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Does every school need an SRO?
County debates adding five officers
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Are the kids who attend outlying county schools as important as the ones who attend schools in the city limits? That was a question asked during Monday night’s Warren County Safety Committee meeting when the topic of funding school resource officers (SROs) for every school was debated.
Commissioner Les Trotman said there are presently five SROs who work within the school system. Two are stationed at Warren County High School, one at Warren County Middle School, and two float between the remaining eight schools.
Trotman said he had conferred with the county’s director of accounts, Linda Hillis, who said the salaries with insurance for five additional deputies to work as SROs would total $193,833.
Trotman said the officer stationed at WCMS would cover Warren Academy too.
Sheriff Jackie Matheny said the total quoted would only cover salaries and insurance.
“That does not include them having something to drive, weapons, uniforms, etc.,” said Matheny.
Trotman said, “If they use leftover cars, we won’t have to buy any. We buy five a year anyway. We can take the old five and turn them over. We don’t have to sell them. We can use them.”
Trotman continued, “I don’t want to be the one who calls a parent or grandparent saying, ‘Your child isn’t coming home today.’ Why are kids at Dibrell not worth full-time coverage but ones at the middle school are? If we are providing security for some schools, the kids in my district are just as important.”
Commissioner Charles Morgan said, “Why don’t we just give Jackie $1 million so we can have a deputy on Mud Creek Road in case something happens? We can’t run the county government scared. No one is arguing the kids aren’t important, Les, but it comes to money. Are we going to raise taxes? Where is the money coming from?”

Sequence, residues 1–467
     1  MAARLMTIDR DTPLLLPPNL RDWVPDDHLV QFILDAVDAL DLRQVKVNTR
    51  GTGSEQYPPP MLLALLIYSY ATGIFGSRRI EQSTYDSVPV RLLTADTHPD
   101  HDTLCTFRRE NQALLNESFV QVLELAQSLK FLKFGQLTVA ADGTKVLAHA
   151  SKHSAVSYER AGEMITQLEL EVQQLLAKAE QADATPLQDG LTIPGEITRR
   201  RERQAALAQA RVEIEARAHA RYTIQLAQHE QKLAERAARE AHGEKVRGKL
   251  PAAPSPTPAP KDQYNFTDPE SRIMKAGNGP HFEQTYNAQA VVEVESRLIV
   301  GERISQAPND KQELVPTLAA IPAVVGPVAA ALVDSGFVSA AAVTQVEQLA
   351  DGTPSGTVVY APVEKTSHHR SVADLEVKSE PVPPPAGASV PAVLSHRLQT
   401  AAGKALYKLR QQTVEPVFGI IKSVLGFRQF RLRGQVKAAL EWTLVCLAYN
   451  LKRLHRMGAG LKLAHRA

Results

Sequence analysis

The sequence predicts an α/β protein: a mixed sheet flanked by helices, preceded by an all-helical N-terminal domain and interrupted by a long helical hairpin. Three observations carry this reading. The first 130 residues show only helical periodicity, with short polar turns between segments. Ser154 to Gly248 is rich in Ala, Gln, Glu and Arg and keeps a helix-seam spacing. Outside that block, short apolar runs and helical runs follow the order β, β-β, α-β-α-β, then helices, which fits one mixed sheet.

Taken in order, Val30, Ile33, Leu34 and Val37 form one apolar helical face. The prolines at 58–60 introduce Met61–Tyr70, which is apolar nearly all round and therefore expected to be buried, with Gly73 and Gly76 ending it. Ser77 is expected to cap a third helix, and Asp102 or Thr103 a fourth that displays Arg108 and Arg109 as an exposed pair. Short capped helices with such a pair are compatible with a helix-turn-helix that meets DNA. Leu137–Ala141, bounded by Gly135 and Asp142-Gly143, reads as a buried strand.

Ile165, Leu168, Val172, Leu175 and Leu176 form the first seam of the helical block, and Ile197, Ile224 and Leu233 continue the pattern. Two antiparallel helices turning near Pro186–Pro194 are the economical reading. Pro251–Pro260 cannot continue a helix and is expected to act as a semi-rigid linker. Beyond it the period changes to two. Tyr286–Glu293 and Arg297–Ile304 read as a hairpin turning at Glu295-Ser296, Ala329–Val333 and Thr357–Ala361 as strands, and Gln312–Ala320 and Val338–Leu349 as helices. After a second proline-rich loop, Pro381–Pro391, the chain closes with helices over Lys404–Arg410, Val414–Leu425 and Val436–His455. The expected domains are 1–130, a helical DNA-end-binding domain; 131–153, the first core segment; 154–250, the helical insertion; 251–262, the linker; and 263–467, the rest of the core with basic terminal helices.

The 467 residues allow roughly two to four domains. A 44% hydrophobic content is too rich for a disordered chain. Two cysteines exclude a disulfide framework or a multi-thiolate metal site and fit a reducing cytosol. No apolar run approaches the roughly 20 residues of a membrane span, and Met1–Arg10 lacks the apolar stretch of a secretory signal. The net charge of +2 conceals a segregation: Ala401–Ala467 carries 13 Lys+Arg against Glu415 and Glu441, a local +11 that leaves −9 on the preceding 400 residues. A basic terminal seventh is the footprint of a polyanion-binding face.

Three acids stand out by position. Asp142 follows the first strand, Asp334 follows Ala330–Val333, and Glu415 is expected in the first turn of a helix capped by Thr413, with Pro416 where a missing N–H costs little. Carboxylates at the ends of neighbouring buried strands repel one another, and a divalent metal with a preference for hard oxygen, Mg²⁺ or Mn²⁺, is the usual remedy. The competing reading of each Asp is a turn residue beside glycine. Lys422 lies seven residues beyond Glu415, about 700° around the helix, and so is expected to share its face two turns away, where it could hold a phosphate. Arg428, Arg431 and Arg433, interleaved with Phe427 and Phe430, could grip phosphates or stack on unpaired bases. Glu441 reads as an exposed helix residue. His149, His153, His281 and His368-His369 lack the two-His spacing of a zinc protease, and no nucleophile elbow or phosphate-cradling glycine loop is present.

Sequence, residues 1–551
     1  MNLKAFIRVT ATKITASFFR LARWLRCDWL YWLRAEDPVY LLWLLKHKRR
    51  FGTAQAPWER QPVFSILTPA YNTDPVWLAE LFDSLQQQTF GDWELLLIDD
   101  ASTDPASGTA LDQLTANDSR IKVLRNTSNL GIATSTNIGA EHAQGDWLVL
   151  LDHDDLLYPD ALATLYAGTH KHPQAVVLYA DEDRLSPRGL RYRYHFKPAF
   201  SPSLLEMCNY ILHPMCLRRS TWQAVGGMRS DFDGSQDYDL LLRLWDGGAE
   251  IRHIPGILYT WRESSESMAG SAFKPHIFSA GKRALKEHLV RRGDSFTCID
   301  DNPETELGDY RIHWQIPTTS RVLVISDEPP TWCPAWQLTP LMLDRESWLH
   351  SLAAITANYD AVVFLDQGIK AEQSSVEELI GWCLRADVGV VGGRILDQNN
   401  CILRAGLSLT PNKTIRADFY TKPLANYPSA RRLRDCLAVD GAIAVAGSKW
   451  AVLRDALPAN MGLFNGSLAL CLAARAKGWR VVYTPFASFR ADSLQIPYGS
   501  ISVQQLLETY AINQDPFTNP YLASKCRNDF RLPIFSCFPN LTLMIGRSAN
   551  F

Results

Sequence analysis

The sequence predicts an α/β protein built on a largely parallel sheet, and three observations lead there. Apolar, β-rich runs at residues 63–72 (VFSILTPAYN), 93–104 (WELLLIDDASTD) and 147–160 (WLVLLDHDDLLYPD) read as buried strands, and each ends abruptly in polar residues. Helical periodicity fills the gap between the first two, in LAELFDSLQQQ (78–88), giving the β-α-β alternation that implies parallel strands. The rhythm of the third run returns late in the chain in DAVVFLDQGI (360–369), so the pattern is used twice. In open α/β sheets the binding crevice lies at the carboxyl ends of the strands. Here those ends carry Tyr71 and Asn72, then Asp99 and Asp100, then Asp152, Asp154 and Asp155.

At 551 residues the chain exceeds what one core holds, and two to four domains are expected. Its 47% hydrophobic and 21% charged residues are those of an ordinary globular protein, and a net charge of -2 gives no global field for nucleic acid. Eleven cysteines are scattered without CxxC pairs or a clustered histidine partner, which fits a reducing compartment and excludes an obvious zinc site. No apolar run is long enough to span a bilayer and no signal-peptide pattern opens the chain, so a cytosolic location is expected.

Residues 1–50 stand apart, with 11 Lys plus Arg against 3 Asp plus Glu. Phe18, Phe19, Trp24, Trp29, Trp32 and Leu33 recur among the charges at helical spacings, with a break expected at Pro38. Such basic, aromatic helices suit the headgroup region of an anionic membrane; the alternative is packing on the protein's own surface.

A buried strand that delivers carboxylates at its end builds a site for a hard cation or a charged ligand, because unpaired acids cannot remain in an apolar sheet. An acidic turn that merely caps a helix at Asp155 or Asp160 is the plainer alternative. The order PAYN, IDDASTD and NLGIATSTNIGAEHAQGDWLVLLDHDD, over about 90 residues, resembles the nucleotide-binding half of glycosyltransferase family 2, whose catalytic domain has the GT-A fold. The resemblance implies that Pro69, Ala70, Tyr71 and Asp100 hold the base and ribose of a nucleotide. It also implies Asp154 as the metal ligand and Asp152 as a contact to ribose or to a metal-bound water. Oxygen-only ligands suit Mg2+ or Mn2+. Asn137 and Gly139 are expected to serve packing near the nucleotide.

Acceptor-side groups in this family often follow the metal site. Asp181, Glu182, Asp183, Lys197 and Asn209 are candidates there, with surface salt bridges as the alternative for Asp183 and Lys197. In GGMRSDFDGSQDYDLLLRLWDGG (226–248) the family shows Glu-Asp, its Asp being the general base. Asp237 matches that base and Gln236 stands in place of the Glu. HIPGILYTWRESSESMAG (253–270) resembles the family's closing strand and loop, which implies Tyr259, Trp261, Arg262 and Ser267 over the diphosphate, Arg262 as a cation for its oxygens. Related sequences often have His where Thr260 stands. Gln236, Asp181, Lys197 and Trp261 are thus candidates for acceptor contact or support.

Trotman said, “The fair has asked for an increase and we said no. Now we need SROs. We’ve been 11 years without a tax increase. Maybe it’s time for one. Maybe we need to pay an extra 2 or 3 cents. But, we won’t know where the money will come from until we put it in the budget.”
Commissioner Sally Brock said, “It is easy for me to say because I’m not running for office. But, I think we should have had a tax increase years ago, 1 or 2 cents.”
Matheny said, “I understand you have to come up with funds. To ask if the SROs are needed ... well, of course they are.”
Trotman said Director of Schools Bobby Cox had asked about the possibility of additional SROs to be contracted out.
“I have worked for private security firms. And folks, I’ll tell you some I’ve seen, I don’t want them with guns in our schools. There are people out there who want to play John Wayne and will shoot the lock off something. They need more than nine hours of training for something like this,” said Trotman.
County Executive John Pelham asked, “Why can’t they float?”
Trotman said they do float. “But, if they float, they are not in a school at any given time. At some point, a school is unprotected.”
Trotman said Phil Chalmers, a leading authority on teen killers who recently visited McMinnville, was adamant an officer is needed in every school.
“At some point, if we are going to be realistic and responsible, we need to bite the bullet,” said Trotman. “When you have a leading expert in the country saying we need it, the sheriff says we need it, principals and teachers want it, then we need to do it.”
Commissioner Ron Lee asked Matheny at which schools most problems arise which require an SRO. Matheny said most problems occur at the high school or middle school.
“Sometimes things occur in the county and officers have to go. But, right now the larger schools have more problems.”
Committee members agreed to schedule a joint meeting with members of the county Education Committee before making a decision. The joint Education Committee and Safety Committee meeting will take place today, June 4, at 5 p.m. in the conference room of the Administrative Building on Locust Street.